Nightlife Legends Junior Vasquez & Timmy Regisford Join Forces

A few days ago, I got to sit down with old friends Junior Vasquez and Timmy Regisford. The occasion was a management deal, with the legendary Junior getting an organized boost from Timmy, who knows a thing or three about music and artists’ needs. Both are house music legends. Both express themselves best through songs rather than words. Both sit with you as if every second counts — but it’s an unnatural state, a classic fish out of water thing. They chat and eat and things like that, but these are just distractions in between the DJ booth or the recording studio. Both seem quiet and uncomfortable in the light, and you get the sense that part of their mind is working through beats, rhythms, and sounds as you ask them questions.

For a long time, the dance floor answered all Junior’s questions. It salved all the hurts and cured all his problems. He was the reason to be cheerful for so many people… for so long. He was a demi-god, a part of the mood and the life of this city. Then the dance floors started to disappear. Many were harassed out of business, as the old hedonism was outlawed and banished to Europe and others places where the government is less involved in peoples lives.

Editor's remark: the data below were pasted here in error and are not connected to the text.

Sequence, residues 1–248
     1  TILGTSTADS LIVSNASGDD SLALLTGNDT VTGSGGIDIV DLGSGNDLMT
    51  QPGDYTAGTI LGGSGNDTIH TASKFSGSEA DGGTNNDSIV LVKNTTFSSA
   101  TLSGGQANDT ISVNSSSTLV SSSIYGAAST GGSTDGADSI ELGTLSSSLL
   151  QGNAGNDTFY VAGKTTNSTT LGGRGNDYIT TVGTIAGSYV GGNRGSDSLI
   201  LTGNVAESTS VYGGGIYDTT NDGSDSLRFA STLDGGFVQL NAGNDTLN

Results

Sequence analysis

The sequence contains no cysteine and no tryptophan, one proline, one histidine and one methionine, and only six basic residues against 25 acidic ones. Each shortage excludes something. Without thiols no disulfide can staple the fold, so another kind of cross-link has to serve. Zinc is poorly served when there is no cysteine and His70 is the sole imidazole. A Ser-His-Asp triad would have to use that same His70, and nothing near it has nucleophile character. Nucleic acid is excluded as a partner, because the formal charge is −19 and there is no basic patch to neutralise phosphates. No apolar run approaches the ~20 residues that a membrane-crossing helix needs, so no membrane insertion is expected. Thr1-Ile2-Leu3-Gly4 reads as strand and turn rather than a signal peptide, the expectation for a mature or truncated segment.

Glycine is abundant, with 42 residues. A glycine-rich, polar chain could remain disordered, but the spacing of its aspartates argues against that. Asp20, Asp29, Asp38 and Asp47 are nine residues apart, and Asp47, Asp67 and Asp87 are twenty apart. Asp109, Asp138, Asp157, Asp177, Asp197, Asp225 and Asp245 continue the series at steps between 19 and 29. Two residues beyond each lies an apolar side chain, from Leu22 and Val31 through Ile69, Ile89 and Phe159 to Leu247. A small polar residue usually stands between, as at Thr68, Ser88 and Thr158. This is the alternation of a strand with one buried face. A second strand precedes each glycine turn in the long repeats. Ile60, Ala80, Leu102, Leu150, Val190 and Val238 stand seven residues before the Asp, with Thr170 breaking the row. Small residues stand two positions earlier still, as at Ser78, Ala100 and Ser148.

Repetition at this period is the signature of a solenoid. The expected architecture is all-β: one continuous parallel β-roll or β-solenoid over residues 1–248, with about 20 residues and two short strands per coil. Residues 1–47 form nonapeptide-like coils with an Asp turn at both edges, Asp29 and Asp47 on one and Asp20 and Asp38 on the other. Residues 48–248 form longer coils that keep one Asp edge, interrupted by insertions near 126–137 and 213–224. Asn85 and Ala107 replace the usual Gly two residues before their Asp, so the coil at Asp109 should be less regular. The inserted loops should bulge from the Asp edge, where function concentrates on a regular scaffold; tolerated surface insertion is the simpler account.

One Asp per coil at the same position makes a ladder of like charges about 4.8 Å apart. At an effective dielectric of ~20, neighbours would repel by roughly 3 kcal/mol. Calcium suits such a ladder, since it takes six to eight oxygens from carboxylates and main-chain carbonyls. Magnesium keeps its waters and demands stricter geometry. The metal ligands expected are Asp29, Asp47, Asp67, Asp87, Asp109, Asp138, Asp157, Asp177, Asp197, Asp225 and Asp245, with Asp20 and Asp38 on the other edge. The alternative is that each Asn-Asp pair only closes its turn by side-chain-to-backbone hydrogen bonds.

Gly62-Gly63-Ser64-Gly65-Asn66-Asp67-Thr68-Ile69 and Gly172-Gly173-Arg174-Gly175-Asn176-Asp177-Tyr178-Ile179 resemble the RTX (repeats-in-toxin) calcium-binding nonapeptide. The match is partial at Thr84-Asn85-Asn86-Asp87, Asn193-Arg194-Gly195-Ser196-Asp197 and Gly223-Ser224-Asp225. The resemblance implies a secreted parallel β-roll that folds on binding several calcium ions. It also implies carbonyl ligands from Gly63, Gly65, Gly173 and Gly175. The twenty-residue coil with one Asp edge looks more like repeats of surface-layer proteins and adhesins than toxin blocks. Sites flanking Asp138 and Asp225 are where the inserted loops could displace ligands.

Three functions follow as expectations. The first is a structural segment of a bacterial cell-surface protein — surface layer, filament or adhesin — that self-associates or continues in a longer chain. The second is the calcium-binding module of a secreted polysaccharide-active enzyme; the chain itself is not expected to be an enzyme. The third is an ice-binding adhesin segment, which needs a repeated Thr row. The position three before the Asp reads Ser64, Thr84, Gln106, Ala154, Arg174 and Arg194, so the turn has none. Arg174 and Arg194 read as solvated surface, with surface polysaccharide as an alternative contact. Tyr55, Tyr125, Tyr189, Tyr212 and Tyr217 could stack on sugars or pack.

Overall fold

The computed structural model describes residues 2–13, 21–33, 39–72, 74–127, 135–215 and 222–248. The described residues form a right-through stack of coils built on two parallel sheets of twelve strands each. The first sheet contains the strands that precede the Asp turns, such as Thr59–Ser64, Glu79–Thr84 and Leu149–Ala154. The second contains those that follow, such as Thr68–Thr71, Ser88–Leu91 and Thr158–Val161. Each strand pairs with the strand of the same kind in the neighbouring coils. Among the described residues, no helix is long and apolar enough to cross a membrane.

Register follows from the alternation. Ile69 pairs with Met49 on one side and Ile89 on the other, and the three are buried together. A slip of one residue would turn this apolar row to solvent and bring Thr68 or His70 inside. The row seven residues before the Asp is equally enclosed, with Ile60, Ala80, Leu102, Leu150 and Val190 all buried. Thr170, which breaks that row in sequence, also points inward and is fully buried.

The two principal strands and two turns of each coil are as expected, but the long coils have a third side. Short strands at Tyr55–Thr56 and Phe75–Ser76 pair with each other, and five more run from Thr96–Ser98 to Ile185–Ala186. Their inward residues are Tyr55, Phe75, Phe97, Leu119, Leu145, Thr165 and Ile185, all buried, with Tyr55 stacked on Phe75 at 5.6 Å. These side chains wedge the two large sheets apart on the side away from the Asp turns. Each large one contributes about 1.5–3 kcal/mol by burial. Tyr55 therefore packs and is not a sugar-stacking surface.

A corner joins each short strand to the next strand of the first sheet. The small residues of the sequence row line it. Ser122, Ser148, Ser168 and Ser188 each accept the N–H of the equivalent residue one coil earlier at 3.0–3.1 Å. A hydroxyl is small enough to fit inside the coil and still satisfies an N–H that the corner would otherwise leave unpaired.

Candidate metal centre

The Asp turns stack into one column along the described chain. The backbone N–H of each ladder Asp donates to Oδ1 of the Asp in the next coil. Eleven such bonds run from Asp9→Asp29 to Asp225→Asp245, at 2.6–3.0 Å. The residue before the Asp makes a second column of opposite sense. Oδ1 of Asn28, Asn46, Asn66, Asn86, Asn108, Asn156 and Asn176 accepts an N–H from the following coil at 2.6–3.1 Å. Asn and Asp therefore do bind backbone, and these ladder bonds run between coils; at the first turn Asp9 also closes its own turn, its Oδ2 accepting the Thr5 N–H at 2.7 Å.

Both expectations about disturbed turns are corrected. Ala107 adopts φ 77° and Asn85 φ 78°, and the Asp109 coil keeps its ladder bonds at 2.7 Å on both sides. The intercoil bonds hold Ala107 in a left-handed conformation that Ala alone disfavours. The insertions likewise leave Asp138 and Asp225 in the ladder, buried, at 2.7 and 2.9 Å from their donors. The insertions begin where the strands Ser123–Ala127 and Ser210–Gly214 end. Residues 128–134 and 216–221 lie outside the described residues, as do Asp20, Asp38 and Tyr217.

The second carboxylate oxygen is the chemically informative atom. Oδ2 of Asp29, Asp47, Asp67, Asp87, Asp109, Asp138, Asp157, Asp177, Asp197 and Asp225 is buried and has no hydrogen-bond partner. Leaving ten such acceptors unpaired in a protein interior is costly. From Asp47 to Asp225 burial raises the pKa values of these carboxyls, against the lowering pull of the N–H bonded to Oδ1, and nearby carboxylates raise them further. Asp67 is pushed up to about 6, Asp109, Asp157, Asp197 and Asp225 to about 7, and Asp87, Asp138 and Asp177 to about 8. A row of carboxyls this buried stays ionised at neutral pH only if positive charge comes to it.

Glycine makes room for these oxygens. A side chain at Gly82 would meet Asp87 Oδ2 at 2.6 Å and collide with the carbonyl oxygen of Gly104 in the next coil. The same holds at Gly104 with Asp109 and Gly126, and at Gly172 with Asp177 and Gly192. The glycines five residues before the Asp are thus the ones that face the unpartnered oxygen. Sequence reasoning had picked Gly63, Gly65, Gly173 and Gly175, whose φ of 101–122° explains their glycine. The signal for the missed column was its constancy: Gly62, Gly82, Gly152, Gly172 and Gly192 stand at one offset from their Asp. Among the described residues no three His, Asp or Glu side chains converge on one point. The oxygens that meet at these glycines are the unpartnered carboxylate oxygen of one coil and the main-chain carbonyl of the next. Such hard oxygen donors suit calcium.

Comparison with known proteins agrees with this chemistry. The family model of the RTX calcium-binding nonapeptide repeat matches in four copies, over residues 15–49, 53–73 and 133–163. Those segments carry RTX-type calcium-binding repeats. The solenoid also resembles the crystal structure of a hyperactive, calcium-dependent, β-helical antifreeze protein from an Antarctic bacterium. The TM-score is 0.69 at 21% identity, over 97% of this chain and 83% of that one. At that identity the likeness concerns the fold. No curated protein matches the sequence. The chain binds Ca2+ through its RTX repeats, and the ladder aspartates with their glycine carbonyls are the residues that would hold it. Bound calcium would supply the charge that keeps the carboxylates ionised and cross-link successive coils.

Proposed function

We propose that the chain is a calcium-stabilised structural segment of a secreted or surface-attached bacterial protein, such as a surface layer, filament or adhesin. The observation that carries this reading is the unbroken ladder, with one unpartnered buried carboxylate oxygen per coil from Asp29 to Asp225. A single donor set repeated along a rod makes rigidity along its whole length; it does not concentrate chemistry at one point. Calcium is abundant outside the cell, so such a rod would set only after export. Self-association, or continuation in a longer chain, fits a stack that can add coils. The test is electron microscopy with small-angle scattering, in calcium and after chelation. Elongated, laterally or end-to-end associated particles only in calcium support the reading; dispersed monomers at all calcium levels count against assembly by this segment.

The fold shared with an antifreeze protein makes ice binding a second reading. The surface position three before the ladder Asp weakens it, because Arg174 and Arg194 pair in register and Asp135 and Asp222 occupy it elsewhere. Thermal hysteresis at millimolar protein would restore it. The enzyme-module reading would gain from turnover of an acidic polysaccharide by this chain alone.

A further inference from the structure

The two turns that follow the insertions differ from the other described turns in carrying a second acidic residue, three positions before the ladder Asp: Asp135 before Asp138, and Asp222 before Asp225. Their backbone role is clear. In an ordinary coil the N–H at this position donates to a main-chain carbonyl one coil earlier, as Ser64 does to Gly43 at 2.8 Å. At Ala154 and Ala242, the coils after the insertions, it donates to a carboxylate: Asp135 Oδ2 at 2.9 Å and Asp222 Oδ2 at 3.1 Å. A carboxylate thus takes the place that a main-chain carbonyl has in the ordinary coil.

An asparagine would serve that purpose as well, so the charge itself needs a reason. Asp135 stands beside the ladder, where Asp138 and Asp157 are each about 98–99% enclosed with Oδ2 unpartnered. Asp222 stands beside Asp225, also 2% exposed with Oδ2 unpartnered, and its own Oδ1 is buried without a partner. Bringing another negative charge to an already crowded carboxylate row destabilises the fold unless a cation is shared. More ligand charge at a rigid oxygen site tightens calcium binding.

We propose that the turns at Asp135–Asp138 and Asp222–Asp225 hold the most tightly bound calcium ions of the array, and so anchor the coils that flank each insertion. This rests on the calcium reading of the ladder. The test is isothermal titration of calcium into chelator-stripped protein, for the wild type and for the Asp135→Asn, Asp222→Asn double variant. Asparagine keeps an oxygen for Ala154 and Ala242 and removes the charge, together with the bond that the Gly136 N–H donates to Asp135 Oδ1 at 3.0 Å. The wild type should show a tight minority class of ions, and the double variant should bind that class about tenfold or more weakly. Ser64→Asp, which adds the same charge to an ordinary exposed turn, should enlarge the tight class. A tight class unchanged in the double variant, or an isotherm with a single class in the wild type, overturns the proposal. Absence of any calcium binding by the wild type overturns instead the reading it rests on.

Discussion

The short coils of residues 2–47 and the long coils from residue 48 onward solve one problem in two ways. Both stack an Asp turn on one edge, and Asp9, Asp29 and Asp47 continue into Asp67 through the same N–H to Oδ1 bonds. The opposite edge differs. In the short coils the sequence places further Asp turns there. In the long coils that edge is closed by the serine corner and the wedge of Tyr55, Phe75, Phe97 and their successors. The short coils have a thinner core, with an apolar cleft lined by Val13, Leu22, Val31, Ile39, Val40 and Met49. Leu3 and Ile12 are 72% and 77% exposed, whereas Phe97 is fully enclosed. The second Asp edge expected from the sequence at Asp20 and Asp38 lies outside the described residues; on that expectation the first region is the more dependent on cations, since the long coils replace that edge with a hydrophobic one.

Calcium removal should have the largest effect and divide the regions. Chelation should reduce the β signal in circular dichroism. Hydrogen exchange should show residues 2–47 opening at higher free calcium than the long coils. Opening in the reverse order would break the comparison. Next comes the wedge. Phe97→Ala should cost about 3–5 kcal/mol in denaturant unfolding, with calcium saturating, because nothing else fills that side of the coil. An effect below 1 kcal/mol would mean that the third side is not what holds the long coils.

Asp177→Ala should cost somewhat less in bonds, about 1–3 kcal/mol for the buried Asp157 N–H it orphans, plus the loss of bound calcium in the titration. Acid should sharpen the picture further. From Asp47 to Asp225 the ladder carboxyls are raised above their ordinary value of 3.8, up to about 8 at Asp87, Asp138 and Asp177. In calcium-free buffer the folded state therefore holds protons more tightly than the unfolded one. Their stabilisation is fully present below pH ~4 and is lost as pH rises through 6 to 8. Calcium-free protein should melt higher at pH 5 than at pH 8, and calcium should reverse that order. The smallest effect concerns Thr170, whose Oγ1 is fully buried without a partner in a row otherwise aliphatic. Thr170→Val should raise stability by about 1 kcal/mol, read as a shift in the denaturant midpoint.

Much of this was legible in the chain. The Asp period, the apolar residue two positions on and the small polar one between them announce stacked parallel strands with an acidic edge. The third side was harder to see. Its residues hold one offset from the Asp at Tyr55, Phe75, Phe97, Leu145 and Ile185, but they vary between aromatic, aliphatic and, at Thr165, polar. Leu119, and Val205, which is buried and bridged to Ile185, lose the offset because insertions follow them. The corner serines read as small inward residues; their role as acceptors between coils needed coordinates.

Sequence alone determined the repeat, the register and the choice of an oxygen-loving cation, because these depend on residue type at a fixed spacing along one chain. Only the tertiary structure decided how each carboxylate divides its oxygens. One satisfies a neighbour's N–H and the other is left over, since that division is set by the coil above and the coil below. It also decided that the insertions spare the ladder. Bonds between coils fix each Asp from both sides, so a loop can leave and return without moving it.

House music and large clubs of course attract people who find the experience enhanced by substances that they must be protected from. The few remaining big clubs employ armies of security forces and secret agents to comply with this governmental crackdown. Sometimes I wonder who controls, tests, and oversees the mental in governmental. In general, clubs have gone small. Specialized venues where like minded spirits gather to agree with themselves are the norm. Differences are not as embraced as they once were. Gays and straights and those caught in between have fewer options to mingle. Races and economic groups find comfort in faces and budgets like their own. One place charges you seven bucks for a bottle of beer while nearby a joint bangs your for a grand for a bottle of champagne. It’s all good. It’s a modern world.